Today is the 496th anniversary of Martin Luther nailing the 95 Thesis on the door of the Castle Church of Wittenberg; thus sparking not only the Protestant Reformation but the Catholic Counter-Reformation as well.
It also happens to be Halloween; which is apparently a source of consternation with a number of Christians. Halloween, as most people know, is a word that comes from the phrase All Hollow’s Eve. Hallow being an old world for Holy (Hallowed be Thy name), it was the Eve of All Saints Day (which precedes All Souls Day) a day commemorating the all saints, martyrs and confessors. It has been celebrated since 609, but was originally celebrated in May (in the Eastern Church, All Saints day is the Sunday after Pentecost) but was moved in 835 by Pope Gregory IV to its current day of November 1. Depending on who you ask, this move was to co-op an existing pagan holiday (either Celtic or German, it’s a little unclear) or to move it away from an existing pagan feast day on May 13. Feast Day Celebrations started on the previous evening (why Christmas Eve is so big) leading to All Hollows Eve, the phrase which became bastardized over time to Halloween.
It is because of the supposed pagan roots that some American Christians are trying to move away from the practice of Trick or Treat. One is the focus on Luther and an attempt to rename the day Reformation Day (which is actually a holiday for German Lutherans and some German provinces, though others do acknowledge a Reformation Sunday). Here are two thought on Reformation Day: what it is and why it may be dumb.
Another is the local church ‘fall festival’ that keep your kids separate and safe. My church growing up never had these until I was in high school. I lived in a ruralish area and not in a neighborhood, so as a kid dressing up and going to what was basically a carnival would have been a lot more fun anyway.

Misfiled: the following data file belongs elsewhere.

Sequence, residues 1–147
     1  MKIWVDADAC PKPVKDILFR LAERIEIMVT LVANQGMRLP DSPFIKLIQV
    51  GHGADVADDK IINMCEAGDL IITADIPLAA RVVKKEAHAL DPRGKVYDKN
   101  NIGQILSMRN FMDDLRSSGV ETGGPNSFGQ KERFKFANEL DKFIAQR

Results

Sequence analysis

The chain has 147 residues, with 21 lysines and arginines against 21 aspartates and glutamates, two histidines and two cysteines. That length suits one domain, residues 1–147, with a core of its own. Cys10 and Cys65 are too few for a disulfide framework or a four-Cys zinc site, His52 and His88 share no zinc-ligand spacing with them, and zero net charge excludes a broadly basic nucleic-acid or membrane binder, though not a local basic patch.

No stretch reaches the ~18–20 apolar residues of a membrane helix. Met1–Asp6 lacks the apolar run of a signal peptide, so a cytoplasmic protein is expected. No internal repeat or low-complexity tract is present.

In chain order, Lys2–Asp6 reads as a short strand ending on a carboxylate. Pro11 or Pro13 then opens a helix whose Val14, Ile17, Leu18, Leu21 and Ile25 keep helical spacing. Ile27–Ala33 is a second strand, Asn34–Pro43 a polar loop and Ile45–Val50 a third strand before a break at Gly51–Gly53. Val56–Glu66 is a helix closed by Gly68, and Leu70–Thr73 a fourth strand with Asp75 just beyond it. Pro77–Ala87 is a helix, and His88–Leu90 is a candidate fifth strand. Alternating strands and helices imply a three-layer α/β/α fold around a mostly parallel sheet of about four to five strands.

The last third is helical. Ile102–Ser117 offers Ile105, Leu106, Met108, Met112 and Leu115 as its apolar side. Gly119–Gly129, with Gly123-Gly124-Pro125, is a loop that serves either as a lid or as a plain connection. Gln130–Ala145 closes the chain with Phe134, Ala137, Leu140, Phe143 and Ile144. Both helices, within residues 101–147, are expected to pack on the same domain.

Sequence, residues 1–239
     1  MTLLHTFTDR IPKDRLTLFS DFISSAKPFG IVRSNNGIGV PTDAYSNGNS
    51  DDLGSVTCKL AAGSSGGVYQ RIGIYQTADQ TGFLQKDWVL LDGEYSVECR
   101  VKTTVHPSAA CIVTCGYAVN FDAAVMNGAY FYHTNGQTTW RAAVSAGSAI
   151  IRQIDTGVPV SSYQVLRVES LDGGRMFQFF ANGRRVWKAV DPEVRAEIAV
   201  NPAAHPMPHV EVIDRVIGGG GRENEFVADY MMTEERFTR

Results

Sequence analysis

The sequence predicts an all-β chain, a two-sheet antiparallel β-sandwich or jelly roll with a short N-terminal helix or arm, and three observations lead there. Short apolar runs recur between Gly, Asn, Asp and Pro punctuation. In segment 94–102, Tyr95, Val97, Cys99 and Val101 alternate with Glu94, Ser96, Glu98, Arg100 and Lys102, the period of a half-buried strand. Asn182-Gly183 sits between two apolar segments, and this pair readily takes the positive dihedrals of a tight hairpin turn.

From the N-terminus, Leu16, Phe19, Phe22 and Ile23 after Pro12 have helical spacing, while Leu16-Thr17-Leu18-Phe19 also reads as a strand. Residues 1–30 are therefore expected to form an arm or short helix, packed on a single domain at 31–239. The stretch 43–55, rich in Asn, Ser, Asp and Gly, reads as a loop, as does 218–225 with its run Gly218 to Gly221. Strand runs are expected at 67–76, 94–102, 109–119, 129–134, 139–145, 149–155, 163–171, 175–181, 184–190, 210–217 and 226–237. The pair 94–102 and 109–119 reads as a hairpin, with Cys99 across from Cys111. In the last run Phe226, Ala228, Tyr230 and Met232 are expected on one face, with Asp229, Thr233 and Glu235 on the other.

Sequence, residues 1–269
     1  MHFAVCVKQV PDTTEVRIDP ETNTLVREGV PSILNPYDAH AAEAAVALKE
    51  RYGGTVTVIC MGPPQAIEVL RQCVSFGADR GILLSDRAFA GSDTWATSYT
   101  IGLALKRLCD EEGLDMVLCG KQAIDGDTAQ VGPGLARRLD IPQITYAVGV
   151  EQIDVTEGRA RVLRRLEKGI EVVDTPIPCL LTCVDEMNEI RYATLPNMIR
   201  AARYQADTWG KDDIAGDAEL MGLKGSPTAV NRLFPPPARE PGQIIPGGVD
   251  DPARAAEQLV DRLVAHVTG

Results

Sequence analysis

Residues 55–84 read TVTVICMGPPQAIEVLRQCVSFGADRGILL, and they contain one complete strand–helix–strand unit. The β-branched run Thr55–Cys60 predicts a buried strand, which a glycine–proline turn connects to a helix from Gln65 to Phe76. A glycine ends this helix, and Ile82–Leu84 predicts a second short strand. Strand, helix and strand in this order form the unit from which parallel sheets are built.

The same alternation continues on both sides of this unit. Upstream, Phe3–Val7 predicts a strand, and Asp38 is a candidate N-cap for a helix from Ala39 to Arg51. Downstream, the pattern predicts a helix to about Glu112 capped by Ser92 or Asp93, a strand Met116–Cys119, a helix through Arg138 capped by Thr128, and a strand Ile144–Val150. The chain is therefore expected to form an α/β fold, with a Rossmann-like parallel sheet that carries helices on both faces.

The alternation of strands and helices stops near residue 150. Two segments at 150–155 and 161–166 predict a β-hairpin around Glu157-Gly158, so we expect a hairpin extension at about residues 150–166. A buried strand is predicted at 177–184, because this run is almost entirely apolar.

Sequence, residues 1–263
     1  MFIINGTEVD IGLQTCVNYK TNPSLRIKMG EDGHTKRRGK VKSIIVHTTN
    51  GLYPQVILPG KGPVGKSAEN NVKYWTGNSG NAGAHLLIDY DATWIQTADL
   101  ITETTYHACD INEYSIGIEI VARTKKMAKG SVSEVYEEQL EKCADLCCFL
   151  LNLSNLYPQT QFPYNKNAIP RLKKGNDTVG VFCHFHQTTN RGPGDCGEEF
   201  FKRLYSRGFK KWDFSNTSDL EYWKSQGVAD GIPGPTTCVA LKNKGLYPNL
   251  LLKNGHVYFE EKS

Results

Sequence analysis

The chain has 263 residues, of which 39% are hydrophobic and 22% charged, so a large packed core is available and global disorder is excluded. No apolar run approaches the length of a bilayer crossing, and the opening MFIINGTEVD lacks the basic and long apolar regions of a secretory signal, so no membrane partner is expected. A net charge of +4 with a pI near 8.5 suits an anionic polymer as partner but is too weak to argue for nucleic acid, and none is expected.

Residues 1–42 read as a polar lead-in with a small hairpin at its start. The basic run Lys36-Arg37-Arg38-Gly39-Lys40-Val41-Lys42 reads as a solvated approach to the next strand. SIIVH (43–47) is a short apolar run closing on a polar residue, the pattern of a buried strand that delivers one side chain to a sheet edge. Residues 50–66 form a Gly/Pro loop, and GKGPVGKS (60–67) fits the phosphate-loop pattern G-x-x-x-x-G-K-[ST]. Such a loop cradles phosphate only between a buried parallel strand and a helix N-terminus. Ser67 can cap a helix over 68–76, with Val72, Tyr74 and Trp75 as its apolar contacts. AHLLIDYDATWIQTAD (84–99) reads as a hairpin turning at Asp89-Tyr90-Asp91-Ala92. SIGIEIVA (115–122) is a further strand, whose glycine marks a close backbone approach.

So, I am not really sure where I stand on the fall festival. I leave in a mass, nice, friendly subdivision now and when I have kids I highly doubt I’ll go to any ‘fall festival.’ If parents like to go because it is easier, or they can hang out with their own friends, I think that is great. If you participate out of fear or separatist mentality, I can’t really get behind that. In the last 50 years, only two children were ever poisoned on Halloween, in both cases on of the parents was involved. Stop being so scared. The separatist mindset, I’m quit opposed to, but that is another post entirely.
The Wife and I actually had a bit of a disagreement on this. She is, of course, not anti-separatist, but wonders why we should participate in this day at all. Not because it could have pagan roots, but because it celebrates evil or gore or things of that nature. My answer is simple. It’s fun. I’m 29 years old and grew my hair out a bit and planned on not shaving so that I could go as Wolverine to the party we are going to tonight. Then people were opposed to costumes, so I shaved and got a haircut, then Sunday, I heard costumes were back on, so I was ready to be a pirate, but that turned out to be a joke. All that said, it really is just another American holiday (yes, I know it is celebrated in Europe and other parts of the world). The community comes out all dressed up going from door to door asking for candy. Plain and simple, whatever pagan or even overtly Christian (we dress as demons and Satan to mock Christ conquest of death, skulls in remembrance of Golgotha, etc.), it just doesn’t mean those things anymore.
As a Christian if your complaint is waste (over a billion dollars spent on candy) or that we get our kids sick from too much candy while children around the world don’t have clean drinking water, I can get behind that. If you don’t like gore, have your kids be the Avengers. Last year was our first Halloween in our house and I was legitimately jealous of the costumes these kids have.
Anyway, those are my thoughts on what turned out to be a surprisingly long write-up for what is basically my first post.